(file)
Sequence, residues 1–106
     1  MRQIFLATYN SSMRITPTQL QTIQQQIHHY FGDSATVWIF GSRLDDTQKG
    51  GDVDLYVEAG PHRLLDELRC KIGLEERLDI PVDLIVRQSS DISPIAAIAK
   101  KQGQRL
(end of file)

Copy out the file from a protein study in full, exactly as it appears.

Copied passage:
Sequence, residues 1–106
     1  MRQIFLATYN SSMRITPTQL QTIQQQIHHY FGDSATVWIF GSRLDDTQKG
    51  GDVDLYVEAG PHRLLDELRC KIGLEERLDI PVDLIVRQSS DISPIAAIAK
   101  KQGQRL